November 5, 2013

Juneau, Alaska — The Conservation Fund announced today the completion of a  joint effort with the U.S. Forest Service to preserve the last privately-owned property on Whitewater Bay, part of the nearly one million-acre Admiralty Island National Monument. The U.S. Congress provided funding through the Land and Water Conservation Fund (LWCF), America’s premier conservation program, for this effort.

The Conservation Fund purchased the 160-acre property along the coast of Whitewater Bay in May 2013 and held it while the Forest Service secured funding for its permanent protection. The site was purchased from an Alaskan Native family, who wished to honor the Alaska Native Brotherhood and the Alaska Native Sisterhood in appreciation for generations of natural land stewardship. With the help of U.S. Senators Lisa Murkowski and Mark Begich and U.S. Congressman Don Young, Congress appropriated funding for the LWCF in Fiscal Year 2013, enabling the Forest Service’s recent acquisition and ensuring that the Whitewater Bay parcel be protected in accordance with the wishes of the family.

Admiralty Island National Monument encompasses the Kootznoowoo Wilderness, which means “Fortress of the Bear” in the native Tlingit language. Home to the highest concentration of brown bears in the world, the area also boasts old growth rainforest, alpine tundra and a rugged coastline that creates unrivaled opportunities for solitude and primitive recreation.

“This is an exciting opportunity to bring additional land under National Forest management within the Kootznoowoo Wilderness and Admiralty Island National Monument,” said Chad VanOrmer, Monument Ranger.  “It’s inclusion as a public resource will ensure generations have access to this unique island ecosystem and natural beauty within Whitewater Bay.”

The abandoned Tlingit village of Neltushkin in the northwest part of Whitewater Bay suggests that this area has been used by Natives for centuries. Today Tlingit cultural connections remain very strong in the nearby village of Angoon, and its inhabitants rely on the bay for subsistence.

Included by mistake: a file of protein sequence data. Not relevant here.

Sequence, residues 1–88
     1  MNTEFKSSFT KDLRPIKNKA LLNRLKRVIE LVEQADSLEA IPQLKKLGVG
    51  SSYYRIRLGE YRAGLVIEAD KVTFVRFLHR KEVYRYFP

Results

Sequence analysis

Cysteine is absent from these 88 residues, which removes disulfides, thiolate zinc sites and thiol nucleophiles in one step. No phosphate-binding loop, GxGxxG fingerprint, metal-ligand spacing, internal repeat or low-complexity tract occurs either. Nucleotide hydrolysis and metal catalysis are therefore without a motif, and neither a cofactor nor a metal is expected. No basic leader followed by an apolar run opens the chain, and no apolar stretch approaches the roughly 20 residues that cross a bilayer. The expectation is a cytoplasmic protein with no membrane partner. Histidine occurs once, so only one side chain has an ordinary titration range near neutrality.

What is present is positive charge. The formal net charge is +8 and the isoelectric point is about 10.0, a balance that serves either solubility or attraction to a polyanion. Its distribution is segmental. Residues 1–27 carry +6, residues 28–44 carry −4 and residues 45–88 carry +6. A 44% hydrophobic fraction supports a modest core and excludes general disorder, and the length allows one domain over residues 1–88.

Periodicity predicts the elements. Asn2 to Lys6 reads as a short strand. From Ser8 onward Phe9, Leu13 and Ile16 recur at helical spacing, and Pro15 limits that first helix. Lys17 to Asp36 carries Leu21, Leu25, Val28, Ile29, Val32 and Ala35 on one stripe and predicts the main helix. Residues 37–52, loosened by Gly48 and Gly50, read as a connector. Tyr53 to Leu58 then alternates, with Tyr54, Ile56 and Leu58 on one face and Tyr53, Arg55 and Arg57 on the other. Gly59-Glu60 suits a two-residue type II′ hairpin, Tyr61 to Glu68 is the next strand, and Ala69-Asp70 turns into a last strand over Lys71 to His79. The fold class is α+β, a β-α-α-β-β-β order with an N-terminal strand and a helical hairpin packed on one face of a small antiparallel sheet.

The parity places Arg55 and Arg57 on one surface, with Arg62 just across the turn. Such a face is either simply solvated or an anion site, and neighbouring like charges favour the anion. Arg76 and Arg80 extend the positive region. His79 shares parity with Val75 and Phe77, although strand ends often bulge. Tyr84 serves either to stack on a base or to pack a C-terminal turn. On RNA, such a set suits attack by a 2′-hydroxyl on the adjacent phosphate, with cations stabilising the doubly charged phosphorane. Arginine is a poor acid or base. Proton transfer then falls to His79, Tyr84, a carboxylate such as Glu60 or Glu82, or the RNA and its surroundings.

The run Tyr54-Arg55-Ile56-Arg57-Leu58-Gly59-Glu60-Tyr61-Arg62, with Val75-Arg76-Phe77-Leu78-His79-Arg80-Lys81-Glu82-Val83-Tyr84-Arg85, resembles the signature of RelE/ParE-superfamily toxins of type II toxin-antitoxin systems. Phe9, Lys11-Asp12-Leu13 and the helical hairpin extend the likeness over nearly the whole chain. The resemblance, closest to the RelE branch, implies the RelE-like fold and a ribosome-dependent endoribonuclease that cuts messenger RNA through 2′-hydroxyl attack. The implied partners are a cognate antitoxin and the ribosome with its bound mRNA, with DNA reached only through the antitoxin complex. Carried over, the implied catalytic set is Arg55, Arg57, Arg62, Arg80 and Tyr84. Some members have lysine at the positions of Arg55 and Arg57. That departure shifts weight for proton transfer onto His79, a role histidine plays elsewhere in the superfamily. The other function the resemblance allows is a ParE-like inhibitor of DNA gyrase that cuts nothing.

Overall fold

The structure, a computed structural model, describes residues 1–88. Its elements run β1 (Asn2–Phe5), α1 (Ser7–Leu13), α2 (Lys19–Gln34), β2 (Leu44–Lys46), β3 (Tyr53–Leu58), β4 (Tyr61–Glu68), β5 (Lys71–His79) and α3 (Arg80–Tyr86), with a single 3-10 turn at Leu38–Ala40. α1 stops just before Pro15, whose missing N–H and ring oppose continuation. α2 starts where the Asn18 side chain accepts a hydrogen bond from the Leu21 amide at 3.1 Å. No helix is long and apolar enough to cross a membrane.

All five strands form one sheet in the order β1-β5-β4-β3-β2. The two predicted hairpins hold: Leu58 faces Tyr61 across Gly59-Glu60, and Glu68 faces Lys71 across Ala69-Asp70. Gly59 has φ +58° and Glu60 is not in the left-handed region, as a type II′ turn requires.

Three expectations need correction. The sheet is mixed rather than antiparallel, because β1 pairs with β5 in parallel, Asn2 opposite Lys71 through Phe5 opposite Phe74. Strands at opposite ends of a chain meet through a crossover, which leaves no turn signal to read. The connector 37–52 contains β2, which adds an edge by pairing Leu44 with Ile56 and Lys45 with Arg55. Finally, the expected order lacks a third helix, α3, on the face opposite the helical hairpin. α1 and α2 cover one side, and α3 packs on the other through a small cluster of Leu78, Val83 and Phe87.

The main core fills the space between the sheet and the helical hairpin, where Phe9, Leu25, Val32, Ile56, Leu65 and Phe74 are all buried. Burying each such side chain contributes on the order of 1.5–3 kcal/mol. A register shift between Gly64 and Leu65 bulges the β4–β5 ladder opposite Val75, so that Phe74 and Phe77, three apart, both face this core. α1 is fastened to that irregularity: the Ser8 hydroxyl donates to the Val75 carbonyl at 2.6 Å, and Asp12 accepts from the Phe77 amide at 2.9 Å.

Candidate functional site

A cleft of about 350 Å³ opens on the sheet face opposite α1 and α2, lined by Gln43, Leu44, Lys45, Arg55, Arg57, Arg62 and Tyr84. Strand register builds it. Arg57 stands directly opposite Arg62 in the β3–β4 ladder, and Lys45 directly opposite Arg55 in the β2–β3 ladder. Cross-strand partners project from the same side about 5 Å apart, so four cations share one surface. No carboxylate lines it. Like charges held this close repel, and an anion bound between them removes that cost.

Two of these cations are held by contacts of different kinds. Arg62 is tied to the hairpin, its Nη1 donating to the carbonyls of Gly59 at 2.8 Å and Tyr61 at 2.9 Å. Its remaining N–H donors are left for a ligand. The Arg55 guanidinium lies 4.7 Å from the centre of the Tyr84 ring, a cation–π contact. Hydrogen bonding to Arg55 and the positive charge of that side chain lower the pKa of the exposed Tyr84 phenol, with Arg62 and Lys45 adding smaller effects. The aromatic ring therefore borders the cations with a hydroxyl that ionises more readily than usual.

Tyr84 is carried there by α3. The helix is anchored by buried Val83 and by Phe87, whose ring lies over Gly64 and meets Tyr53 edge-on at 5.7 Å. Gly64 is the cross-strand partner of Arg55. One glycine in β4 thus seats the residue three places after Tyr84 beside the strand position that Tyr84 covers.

“The Land and Water Conservation Fund not only made this effort possible, but it is also an important resource for Native landowners who want to sell their lands and preserve their natural beauty,” said Brad Meiklejohn, Alaska Representative for The Conservation Fund. “We’re grateful to Congress for continuing to fund this critical program that enhances America’s outdoor legacy and are especially thankful to Senators Murkowski and Begich and Congressman Young for championing the outdoors as a critical contributor to Alaska’s economy and heritage.”

The Alaska Native Allotment Act of 1906 allowed individual Alaska Natives to select and own up to 160 acres of land in the state if they could demonstrate historic use and occupancy. Today there are over 12,000 Native Allotments in Alaska, primarily located around historic villages and subsistence use areas for hunting and fishing.

About The Conservation Fund
At The Conservation Fund, we make conservation work for America. By creating solutions that make environmental and economic sense, we are redefining conservation to demonstrate its essential role in our future prosperity. Top-ranked for efficiency and effectiveness, we have worked in all 50 states to protect more than 7.5 million acres of land since 1985.

About the Land and Water Conservation Fund (LWCF)
Established by Congress in 1965, LWCF is a visionary and bipartisan federal program that uses a percentage of proceeds from offshore oil and gas royalties for the protection of irreplaceable lands and improvement of outdoor recreation opportunities across the nation. No taxpayer dollars are used to support LWCF. The program has permanently protected nearly five million acres of public lands including forests, natural resources, state and local parks and recreation areas.